New research from England should make dermatologists happy: A “tan” gained by eating lots of vegetables rich in carotenoids (antioxidant chemicals found in vegetables such as carrots and beet greens) is considered more attractive than a tan obtained from the sun.
At least, that’s the opinion of several British university students.
To test a theory that a healthy diet might make a person more attractive, researchers at the University of Nottingham, the University of St. Andrews and Bristol University showed a series of photographed faces to a few dozen students.
Ian Stephen, University of NottinghamThe middle photo shows the woman’s natural color. On the left, the suntanned. On the right, yellowing from carotenoids.
The students could adjust the skin tone of the photographed faces, making them more yellow, more suntanned or more pale.
According to the new study, the students found yellower faces more attractive and healthy looking.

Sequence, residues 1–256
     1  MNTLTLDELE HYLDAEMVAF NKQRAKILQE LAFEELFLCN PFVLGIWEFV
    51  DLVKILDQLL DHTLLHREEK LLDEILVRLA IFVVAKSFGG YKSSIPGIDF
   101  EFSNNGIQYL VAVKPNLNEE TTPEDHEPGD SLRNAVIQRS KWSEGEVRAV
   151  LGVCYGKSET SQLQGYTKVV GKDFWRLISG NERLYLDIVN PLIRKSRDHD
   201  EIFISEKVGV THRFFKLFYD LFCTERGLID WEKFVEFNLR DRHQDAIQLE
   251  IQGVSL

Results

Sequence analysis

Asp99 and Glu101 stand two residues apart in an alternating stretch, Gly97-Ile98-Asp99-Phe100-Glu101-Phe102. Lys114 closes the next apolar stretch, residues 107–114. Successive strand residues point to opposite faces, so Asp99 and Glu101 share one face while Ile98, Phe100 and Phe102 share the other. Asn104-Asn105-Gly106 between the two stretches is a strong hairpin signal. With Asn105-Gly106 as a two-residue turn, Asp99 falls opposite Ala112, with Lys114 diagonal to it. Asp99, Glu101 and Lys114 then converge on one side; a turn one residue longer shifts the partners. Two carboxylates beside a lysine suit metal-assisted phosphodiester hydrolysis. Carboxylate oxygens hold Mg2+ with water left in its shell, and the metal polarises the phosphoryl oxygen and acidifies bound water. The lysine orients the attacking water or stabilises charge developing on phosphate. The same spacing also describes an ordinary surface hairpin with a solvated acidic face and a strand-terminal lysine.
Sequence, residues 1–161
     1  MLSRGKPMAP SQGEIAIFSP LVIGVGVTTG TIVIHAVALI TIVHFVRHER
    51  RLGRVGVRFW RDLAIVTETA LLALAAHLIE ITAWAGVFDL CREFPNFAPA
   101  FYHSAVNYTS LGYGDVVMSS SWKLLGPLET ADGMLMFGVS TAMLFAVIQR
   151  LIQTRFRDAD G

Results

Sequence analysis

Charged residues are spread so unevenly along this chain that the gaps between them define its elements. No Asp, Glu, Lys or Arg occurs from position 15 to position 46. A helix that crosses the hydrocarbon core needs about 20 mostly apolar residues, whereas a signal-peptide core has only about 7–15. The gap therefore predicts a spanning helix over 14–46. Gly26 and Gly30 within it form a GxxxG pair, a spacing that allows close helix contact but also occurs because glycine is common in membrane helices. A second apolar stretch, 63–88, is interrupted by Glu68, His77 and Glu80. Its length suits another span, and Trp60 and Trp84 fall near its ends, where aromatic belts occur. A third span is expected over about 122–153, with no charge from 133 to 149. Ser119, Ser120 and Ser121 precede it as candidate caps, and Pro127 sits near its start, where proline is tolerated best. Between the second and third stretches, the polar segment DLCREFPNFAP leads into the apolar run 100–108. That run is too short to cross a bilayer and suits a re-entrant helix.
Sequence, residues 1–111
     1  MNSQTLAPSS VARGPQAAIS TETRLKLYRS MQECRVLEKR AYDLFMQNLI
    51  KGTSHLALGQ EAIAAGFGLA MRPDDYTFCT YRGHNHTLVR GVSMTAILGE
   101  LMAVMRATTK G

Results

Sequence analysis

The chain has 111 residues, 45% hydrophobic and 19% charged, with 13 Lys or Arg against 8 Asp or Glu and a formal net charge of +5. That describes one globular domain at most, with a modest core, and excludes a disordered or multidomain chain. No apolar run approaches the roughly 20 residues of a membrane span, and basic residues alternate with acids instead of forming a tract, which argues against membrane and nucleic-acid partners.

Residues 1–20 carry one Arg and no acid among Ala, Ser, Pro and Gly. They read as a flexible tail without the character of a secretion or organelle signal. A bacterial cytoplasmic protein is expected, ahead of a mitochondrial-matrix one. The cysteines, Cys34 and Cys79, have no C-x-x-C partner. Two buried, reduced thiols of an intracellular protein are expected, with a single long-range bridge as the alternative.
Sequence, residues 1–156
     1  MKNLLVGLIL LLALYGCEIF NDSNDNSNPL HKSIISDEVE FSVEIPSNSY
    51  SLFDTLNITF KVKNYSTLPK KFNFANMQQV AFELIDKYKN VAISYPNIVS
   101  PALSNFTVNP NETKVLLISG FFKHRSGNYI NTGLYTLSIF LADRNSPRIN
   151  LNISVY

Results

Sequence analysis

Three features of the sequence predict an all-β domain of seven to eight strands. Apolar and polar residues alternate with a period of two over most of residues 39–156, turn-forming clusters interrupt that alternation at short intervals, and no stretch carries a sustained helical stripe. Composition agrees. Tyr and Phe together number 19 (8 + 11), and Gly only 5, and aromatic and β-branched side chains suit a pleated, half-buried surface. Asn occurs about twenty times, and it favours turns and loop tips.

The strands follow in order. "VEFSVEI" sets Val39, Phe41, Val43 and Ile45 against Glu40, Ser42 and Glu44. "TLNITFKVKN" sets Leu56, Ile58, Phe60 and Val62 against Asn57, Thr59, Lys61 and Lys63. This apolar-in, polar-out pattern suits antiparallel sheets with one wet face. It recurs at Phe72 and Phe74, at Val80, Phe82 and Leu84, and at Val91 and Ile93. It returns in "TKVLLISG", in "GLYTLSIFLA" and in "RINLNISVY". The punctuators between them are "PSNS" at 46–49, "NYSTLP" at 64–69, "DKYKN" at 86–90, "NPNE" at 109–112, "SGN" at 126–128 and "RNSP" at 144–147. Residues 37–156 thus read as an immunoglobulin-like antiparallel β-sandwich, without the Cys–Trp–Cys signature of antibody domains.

In another study, the researchers found that students eating diets rich in vegetables and fruits had yellower skin than those who didn’t.
The research will soon be published in the journal of Evolution and Human Behavior.
“Most people think the best way to improve skin color is to get a suntan, but our research shows that eating lots of fruit and vegetables is actually more effective,” said Ian Stephen, a psychologist at the University of Nottingham.
Carotenoids are antioxidants that help the body cope with stress and remain healthy. Scientists have found that they are vital in maintaining healthy immune and reproductive function.
The scientists theorize that skin shining with a carrot-like glow may indicate health to potential mates and allies, and therefore appear more attractive to others.
“This is something we share with many other species,” said David Perrett, a professor at St. Andrews who contributed to the study. “The bright yellow beaks and feathers of many birds can be thought of as adverts showing how healthy a male bird is. What’s more, females of these species prefer to mate with brighter, more colored males. But this is the first study in which this has been demonstrated in humans.”
Examples of fruits and vegetables rich in carotenoids include carrots, cantaloupe melons, beet greens, spinach, kale and persimmons.